MARY GULLATTE was named the Georgia Nursing Association’s 2004 Nurse of the Year, one of the state’s top nursing honors. She has been an employee of Emory University Hospital for 26 years and is currently the director of nursing for patient oncology and transplant services for Emory Hospitals and the Winship Cancer Institute. She has served as a volunteer in many organizations such as American Red Cross and Georgia Special Olympics.


The current presidents of three of the four major national nursing leadership organizations call Georgia home. Emory nursing professor JOYCE MURRAY is president of the National League for Nursing; Jean Bartels, chair of the School of Nursing at Georgia Southern University, is president of the American Association of Colleges of Nursing; and Marilyn Bowcutt, vice president of patient services for Augusta’s University Hospital, is president-elect of the American Organization of Nurse Executives.

RUTH BERKELMAN, director of the Rollins School of Public Health’s Center for Public Health Preparedness, has been appointed chair of the Public and Scientific Affairs Board of the American Society for Microbiology (ASM). The ASM is the largest single life science professional organization in the world, with 42,000 members worldwide. Its members work in education, research, industry, and government on issues such as the prevention and treatment of infectious diseases, laboratory and diagnostic medicine, the environment, and food and water safety.


Emory Flight, a critical care air transport program serving the state of Georgia, celebrated its third anniversary in 2004 by adding a much-needed fourth helicopter to its fleet. Emory Flight provides 24-hour, seven-day-a-week emergency medical response to critically ill and injured patients who need rapid transport to the nearest appropriate medical center. Each Emory Flight helicopter is staffed with a pilot, a specially trained flight nurse, and a flight paramedic who combine clinical expertise, medical technology, and average air cruising speeds of 140 miles per hour to offer patients their best chance of survival.
     The service is a cooperative effort of Emory Healthcare and transport provider Rocky Mountain Helicopters, now a part of Air Methods Corporation’s LifeNet Division, the nation’s largest community-based provider of air medical services. Emory Flight receives its medical oversight from physicians in Emory’s Department of Emergency Medicine.
     Emory Flight is also one of two programs in the state accredited by the Commission for Accreditation of Medical Transport Systems, which ensures compliance with national service standards. By participating in this voluntary accreditation process, Emory Flight has demonstrated its commitment to quality and safety, a benchmark recognized by peers, medical professionals, and the general public alike.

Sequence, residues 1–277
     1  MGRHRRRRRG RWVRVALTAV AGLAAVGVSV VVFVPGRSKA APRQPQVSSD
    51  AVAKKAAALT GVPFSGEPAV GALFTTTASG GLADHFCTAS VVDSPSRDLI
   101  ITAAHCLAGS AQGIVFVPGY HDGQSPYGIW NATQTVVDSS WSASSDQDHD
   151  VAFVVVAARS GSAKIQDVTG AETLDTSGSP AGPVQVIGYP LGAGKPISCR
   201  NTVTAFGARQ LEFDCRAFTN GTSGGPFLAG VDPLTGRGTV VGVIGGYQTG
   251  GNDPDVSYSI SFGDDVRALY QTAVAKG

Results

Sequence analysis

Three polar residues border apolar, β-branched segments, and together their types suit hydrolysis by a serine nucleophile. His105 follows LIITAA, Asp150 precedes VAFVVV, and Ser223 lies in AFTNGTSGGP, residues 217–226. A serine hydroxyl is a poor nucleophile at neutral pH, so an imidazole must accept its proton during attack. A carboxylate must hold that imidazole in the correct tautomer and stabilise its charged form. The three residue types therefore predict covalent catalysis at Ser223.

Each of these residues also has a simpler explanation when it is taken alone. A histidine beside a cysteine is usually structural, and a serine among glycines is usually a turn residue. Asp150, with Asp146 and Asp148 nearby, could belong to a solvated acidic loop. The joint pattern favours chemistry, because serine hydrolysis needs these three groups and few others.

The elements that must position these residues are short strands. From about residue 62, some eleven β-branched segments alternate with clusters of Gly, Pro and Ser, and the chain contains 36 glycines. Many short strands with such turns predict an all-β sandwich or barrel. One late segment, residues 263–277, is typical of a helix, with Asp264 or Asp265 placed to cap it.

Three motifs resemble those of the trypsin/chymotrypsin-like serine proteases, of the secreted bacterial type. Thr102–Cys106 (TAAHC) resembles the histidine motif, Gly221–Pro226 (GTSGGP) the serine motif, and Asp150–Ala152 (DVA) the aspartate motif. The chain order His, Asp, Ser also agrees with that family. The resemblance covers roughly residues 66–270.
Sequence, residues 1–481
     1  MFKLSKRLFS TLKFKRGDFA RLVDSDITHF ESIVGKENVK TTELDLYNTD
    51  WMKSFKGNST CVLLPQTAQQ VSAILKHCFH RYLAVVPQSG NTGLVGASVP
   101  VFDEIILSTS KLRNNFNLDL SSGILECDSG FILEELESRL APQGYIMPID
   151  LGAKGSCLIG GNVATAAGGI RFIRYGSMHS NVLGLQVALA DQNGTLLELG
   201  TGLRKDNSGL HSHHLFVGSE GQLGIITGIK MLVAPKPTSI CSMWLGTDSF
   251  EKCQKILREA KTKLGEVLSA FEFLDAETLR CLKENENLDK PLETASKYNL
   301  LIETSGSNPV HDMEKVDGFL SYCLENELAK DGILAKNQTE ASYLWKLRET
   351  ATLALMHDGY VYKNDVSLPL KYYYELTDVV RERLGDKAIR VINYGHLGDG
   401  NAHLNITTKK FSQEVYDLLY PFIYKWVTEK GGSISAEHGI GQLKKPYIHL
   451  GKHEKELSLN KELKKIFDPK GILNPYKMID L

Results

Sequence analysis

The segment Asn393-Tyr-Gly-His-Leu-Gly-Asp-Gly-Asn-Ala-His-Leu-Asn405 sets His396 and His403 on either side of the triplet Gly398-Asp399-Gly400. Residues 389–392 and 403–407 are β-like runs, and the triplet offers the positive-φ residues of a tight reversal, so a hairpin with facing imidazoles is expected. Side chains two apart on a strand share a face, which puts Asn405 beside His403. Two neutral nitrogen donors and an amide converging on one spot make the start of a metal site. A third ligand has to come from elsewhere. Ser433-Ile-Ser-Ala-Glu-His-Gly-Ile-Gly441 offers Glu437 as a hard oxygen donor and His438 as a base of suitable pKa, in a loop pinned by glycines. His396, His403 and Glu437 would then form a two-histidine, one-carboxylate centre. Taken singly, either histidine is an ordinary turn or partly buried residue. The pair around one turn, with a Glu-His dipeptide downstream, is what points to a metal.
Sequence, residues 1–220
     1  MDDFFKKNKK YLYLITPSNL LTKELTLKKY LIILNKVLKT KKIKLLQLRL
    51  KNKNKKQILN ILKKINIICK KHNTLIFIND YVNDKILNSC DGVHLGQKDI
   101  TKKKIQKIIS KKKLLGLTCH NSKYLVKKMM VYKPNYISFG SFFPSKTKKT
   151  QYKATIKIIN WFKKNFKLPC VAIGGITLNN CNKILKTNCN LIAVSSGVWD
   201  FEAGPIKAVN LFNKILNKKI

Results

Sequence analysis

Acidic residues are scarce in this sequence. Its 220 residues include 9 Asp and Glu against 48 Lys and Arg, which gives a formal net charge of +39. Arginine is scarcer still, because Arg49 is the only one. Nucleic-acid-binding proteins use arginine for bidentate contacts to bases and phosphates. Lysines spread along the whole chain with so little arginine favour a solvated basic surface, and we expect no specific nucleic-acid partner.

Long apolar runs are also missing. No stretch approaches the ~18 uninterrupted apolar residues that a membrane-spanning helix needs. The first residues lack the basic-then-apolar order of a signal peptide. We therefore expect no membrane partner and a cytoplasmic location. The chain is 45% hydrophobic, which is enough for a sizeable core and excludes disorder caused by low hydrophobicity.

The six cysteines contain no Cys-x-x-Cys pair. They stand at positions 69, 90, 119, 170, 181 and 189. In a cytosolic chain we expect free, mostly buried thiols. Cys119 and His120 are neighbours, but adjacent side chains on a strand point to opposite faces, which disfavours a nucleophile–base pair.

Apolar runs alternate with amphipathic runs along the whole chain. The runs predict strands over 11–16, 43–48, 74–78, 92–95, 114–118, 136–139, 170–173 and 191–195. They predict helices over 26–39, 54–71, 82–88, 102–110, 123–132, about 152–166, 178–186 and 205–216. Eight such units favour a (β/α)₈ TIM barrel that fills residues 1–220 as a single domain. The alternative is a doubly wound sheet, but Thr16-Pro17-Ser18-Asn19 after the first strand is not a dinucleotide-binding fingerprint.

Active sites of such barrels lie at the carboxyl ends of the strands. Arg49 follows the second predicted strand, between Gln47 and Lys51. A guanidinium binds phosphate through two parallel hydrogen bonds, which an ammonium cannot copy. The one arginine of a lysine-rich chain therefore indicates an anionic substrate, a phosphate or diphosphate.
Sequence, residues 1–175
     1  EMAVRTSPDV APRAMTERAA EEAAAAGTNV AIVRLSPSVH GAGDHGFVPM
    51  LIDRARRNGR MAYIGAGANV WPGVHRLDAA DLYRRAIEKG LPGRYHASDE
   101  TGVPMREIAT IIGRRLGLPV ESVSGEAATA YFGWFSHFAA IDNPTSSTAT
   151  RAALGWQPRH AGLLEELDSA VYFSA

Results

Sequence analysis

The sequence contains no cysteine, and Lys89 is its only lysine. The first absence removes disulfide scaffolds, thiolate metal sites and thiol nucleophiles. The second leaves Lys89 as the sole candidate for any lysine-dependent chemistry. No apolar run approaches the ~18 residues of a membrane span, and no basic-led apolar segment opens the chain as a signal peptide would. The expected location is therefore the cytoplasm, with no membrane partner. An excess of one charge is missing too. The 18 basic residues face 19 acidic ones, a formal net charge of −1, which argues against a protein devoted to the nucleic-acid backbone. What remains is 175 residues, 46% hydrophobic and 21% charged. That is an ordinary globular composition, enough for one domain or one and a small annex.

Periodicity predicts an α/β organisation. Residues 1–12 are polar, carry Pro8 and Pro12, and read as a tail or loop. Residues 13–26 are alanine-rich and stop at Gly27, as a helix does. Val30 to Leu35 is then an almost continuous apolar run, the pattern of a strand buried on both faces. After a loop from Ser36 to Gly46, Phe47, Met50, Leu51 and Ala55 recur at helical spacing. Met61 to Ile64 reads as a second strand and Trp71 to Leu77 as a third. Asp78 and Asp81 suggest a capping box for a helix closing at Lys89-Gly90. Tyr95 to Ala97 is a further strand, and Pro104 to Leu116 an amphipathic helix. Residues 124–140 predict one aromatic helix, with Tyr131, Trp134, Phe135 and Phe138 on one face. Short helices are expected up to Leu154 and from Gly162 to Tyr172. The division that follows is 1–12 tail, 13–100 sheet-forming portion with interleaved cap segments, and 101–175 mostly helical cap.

The Georgia Hospital Association named Emory Hospitals’ ALICE VAUTIER the 2004 Workforce Leadership Award Winner. The annual award recognizes an individual, hospital, or other institution that has made outstanding contributions to addressing Georgia health care personnel needs. In recognizing Vautier, the association lauded her development of innovative programs designed to combat the nursing shortage and attract and retain talented nurses—theseinclude a nurse residency program for new or inexperienced nurses, an RN re-entry program, a preceptor and mentoring program, scholarship programs, and a nurse extern program for nursing students.

Emory Eye Center retina specialist DANIEL MARTIN was the winner of the Richard and Hinda Rosenthal Foundation Award in the Visual Sciences through the Macula Society. The award is presented annually to an individual younger than 45 whose work gives high promise of a notable advance in the clinical treatment of eye disorders. Martin pioneered the use of ganciclovir implants and valganciclovir for treatment of cytomegalovirus-related retinitis and led the clinical trials that resulted in FDA approval of both drugs.

Emory medical student ARUN MOHAN has been named the first medical student member of the American Medical Association Foundation’s board of directors. Mohan, who is pursuing a dual MD/MBA degree, was appointed for a term that ends in June 2005.

NANETTE WENGER, professor of medicine at the School of Medicine and chief of cardiology at Grady Memorial Hospital, recently received the Gold Heart Award of the American Heart Association. The Gold Heart Award is given to select individuals who have “rendered the most distinguished service in advancing the goals of the association and its programs.”